Image: Commander Shepard stands some 240,000 miles from Earth on the lunar surface next to the Modular Equipment Transporter (MET) – a lunar rover designed to carry tools, cameras, and sample cases around the lunar surface.  Credit: NASA.

Today (Feb. 5, 2015), 44 years ago, the crew of Apollo 14 successfully become the 3rd manned-mission to land on the lunar surface.  The mission lasted two days and included two EVA (extra vehicular activities) moonwalks, setting several records for manned space activities on the Moon.


The crew of Apollo 14 shown during a water survival training in Oct., 1971. (L-R) Shepard, Roosa, and Mitchell. Credit: NASA

The Apollo 14 crew included Commander Alan Shepard, Command Module Pilot Stuart Roosa, and Lunar Module Pilot Edgar Mitchell, who launched their nine day mission from Kennedy Space Center on Jan. 31, 1971.  Six days later, Shepard and Mitchell landed on the lunar surface, making the most precise landing to date near the hilly uplands of the “Fra Mauro” crater.

The pair set out to conduct a series of surface experiments during their 33-hour stay, setting the record for the longest EVA on the lunar surface at 9 hours and 24 minutes!  Shepard also set a new distance record on the Moon travelling roughly 9,000 feet.  The astronauts conducted surface experiments and collected nearly 100 pounds of Moon rock that were brought back to Earth for further study.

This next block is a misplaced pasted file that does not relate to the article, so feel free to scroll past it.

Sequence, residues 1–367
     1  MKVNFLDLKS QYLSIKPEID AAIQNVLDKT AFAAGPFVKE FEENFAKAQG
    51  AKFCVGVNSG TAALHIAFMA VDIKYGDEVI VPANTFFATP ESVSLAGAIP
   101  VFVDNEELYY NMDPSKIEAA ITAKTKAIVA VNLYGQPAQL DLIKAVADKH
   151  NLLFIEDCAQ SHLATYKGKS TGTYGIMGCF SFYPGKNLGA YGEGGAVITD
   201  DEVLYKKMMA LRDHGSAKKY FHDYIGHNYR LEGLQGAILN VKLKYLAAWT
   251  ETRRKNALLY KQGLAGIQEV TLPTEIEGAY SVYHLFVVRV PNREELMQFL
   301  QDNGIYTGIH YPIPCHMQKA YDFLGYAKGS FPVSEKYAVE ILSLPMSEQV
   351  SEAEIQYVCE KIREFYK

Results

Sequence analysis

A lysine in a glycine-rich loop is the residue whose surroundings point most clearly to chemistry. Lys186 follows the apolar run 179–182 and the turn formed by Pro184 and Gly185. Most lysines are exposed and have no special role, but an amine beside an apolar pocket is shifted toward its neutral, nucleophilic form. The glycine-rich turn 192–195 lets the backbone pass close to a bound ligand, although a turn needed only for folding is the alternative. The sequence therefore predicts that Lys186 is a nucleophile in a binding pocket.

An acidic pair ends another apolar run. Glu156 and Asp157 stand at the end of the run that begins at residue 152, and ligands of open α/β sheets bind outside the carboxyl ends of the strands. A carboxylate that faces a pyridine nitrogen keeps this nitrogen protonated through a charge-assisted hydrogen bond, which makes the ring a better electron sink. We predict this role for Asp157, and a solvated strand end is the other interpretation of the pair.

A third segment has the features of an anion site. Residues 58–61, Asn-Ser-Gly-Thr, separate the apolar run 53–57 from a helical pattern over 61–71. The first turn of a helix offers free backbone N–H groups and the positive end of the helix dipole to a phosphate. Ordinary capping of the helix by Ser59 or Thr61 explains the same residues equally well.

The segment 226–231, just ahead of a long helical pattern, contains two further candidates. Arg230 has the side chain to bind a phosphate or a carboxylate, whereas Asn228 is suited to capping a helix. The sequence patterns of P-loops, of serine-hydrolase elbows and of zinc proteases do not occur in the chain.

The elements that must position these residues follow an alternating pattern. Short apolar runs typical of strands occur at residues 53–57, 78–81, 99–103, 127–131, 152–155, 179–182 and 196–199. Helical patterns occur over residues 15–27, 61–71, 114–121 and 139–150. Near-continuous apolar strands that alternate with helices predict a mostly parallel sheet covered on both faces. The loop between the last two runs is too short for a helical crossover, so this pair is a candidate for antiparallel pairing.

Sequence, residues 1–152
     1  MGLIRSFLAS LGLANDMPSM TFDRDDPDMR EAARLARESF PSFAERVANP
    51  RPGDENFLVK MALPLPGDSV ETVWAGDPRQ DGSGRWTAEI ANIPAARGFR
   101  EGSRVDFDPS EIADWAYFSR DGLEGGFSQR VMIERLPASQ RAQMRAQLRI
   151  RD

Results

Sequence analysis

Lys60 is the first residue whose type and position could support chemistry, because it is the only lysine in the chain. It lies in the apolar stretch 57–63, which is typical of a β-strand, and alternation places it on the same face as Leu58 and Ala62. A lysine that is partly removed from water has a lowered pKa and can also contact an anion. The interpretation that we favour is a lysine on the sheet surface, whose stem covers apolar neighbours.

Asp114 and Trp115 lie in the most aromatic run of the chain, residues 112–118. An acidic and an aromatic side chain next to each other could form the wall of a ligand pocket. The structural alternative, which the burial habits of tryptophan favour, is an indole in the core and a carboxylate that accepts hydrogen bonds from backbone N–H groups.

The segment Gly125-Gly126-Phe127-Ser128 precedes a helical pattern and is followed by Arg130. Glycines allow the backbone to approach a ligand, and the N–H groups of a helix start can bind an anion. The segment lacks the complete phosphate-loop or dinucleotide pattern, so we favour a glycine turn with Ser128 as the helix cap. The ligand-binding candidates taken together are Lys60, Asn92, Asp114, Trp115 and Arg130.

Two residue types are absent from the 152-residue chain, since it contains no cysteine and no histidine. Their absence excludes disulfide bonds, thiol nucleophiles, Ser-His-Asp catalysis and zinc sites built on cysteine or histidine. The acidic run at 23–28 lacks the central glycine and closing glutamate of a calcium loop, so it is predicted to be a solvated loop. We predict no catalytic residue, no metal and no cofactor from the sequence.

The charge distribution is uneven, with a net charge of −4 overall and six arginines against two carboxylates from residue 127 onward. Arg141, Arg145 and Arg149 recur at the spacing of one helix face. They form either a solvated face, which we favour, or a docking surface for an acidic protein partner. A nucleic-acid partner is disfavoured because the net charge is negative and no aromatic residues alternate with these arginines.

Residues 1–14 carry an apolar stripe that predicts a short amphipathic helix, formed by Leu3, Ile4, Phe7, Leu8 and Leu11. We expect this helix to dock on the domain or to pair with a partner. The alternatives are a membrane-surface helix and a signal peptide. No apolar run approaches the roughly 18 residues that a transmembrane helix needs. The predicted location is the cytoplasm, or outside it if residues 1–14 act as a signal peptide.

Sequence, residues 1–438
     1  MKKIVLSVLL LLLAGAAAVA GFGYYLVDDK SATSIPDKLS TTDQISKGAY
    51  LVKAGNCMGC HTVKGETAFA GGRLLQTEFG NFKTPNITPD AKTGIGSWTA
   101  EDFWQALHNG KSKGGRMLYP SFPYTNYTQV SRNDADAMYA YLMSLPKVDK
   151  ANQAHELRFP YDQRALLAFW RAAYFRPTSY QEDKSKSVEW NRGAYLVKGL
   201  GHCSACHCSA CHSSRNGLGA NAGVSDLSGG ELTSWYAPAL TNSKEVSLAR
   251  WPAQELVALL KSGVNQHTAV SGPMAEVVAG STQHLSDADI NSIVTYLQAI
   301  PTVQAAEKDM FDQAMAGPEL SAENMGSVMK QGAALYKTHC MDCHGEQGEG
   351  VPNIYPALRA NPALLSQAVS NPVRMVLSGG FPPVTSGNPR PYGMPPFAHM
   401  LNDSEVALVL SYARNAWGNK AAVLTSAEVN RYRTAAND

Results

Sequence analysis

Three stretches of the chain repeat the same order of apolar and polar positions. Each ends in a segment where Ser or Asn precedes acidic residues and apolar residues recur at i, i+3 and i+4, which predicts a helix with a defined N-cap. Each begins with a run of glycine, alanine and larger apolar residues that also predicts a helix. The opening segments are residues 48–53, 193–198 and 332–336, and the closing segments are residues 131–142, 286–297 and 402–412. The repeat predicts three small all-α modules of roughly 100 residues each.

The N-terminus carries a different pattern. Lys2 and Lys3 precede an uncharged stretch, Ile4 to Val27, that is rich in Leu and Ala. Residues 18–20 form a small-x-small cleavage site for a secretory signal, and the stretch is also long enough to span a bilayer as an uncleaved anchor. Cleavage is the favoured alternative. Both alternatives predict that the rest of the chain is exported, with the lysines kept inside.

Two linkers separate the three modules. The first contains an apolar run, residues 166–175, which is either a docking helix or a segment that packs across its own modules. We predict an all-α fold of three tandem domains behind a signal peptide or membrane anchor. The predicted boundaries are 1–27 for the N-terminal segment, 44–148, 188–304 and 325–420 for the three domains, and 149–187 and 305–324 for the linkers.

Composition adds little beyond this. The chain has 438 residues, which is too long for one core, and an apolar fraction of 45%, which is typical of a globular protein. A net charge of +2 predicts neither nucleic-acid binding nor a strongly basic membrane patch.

Shepard famously hit two golf-balls while on the Moon with a makeshift club he brought along from Earth. He had smuggled a six iron golf club head which he attached to the handle of a lunar excavation tool to make his swing.  He took several one-handed swings, limited by the range of motion in his space suit, and cheerfully declared that the second ball had gone “miles and miles and miles” in the low gravity of the Moon.  He later estimated the distance to be 200-400 yards.

Roosa remained in orbit aboard the Kitty Hawk Command Module where he photographed the Moon and conducted additional scientific experiments.  He also brought several hundred seeds aboard the craft, many of which sprouted resulting in what were later called “Moon trees”. The novel plants were distributed around the world in commemoration of the Apollo 14 flight.

The crew successfully completed their mission and returned to Earth, splashing down in the South Pacific Ocean near American Samoa on Feb. 9, 1971.  They were recovered by a U.S. Navy ship and later flown to Honolulu, Hawaii.  The Apollo 14 crew were the last astronauts to be quarantined after returning to Earth from the Moon.


Looking back at the lunar module across the desolation of Fra Mauro. This photo was captured during one of Mitchell and Shepard’s moonwalks. Credit: NASA.